First, Kardashian's claws came out when social media falsely claimed that a painting by her 7-year-old daughter North was enhanced with Photoshop. "Don't play with me when it comes to my children!!!" Kardashian, 40, responded in a now-expired Instagram story. "My daughter and her best friend have been taking a serious oil painting class where their talents and creativity are being encouraged and nurtured. North worked incredibly hard on her painting, which took several weeks to complete. As a proud mom, I wanted to share her work with everyone."
Citing speculative reports that North was not the artist, the reality star continued, "How dare you see children doing awesome things and then try to accuse them of NOT being awesome!?!?! Please stop embarrassing yourselves with the negativity and allow every child to be GREAT!!!"
And after Real Housewives of Beverly Hills star Rinna endorsed a lingerie-clad photo of her 19-year-old daughter Amelia Gray Hamlin, an Instagram troll spat "Disgusting," to which the mom, 57, replied, "What is wrong with you? This is my child."
This parental reflex is what Candace Cameron Bure described as having “poked mama bear out of her slumber" after a family Christmas card she posted on Instagram invoked savage comments over her children's appearance. “Anytime you attack my kids, I'm never going to sit back and watch that,” the Fuller House star previously told Yahoo Life. “I loved that photo…I loved that it actually showcased my kids's personalities…so it felt very authentic to me. But you know, when you start talking about my family, of course, you are going to get a rise out of me because I'll always protect my kids.”
Bure also addressed the "unkind comments" on Facebook writing, "Do you think it’s funny to criticize someone’s children?"
According to Sharon Silver, the founder of Proactive Parenting, the instinct to protect children is attributed to the "love hormone" oxytocin and a mechanism called "fight or flight," the latter described by Harvard University as a physiological chain of events that motivates people to fight off danger (psychological or physical) or escape it. "It can feel like rage," Silver tells Yahoo Life adding that some mothers experience this more profoundly than men.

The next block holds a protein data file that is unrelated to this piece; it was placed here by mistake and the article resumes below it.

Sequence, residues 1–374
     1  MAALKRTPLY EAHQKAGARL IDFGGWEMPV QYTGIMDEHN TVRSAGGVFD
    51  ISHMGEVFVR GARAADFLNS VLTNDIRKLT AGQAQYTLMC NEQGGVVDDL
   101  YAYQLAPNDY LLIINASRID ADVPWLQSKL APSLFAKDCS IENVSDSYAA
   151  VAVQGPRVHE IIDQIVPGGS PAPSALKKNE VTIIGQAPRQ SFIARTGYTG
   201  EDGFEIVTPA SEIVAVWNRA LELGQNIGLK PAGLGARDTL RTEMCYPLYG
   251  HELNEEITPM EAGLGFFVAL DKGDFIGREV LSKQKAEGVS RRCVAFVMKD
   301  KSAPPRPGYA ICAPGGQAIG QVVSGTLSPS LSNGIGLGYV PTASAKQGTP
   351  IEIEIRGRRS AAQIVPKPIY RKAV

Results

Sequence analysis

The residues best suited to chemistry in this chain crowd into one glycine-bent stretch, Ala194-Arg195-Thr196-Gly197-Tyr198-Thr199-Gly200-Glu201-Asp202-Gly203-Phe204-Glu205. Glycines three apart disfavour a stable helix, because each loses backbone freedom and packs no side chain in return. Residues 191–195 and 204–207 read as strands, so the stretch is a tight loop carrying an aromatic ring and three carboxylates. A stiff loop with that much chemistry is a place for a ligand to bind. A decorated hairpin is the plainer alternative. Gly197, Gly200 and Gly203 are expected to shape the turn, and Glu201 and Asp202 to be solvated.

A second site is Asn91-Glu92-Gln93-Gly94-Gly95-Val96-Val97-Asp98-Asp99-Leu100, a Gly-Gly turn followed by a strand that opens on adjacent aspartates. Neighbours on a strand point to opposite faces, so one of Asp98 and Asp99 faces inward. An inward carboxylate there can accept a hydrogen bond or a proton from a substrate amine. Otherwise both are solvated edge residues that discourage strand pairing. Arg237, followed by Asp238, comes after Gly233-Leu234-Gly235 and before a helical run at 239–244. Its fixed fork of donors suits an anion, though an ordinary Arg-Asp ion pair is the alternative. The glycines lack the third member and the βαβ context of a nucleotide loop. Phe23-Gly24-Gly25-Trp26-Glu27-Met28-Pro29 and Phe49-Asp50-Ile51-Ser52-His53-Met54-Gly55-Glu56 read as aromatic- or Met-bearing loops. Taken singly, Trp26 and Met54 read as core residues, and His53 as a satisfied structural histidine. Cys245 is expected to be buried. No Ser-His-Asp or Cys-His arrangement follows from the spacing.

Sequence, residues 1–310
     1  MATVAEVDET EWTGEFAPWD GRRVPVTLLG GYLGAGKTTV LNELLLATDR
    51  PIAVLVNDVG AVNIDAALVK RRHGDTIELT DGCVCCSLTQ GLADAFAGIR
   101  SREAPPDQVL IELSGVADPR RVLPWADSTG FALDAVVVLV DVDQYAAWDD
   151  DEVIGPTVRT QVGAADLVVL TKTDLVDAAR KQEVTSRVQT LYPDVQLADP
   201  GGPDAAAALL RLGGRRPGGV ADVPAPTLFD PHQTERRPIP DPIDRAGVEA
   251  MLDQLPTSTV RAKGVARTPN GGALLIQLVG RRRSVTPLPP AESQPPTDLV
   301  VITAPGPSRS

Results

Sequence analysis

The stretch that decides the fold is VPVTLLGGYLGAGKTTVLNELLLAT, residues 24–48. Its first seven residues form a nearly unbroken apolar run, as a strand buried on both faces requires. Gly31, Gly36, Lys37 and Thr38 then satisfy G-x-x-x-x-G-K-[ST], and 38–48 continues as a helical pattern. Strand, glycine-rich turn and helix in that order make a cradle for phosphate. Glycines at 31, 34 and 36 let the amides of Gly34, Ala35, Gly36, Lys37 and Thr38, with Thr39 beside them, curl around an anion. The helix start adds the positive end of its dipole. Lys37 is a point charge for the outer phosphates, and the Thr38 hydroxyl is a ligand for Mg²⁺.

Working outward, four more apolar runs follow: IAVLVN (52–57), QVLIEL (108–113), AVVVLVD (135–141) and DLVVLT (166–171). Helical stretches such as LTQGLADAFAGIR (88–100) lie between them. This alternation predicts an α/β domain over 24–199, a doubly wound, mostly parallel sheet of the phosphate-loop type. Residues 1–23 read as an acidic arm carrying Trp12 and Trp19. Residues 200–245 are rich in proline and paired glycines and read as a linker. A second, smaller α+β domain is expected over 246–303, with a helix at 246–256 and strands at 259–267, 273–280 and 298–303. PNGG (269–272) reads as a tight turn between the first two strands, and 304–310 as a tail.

"When you think of cavemen, for example, the fathers hunted food and the mothers did the caretaking," says Silver. "That's a primal female instinct, and when children are too young to defend their basic rights, moms tend to react with righteous indignation."
Regardless of whether a parent is defending their child from physical or verbal danger (a playground bully or a keyboard warrior), reactions are often subconscious, says Silver. "How we respond can reflect an older wound — if no one came to our defense as children, we want to prevent a similar pain for our own." And sometimes, snap judgments toward a child — someone loved so unconditionally by his or her parent — can cause emotions ranging from annoyance to outrage.
With the pandemic causing emotional and academic distress for many children, parents could also be sensitized right now. "The pandemic has brought all frustrations to the surface because many of us are in survival mode," says Silver. "For many parents, the veil has been lifted and there's nothing that will go unaddressed."
For parents on the receiving end of criticism, Silver says there's a difference between reacting (an emotional attempt to shut down a situation) and responding (a teachable moment for both the provoker and the child). "Sometimes silence, allowing a remark to linger, is the best boundary," she says. "This holds the critic responsible for their words."
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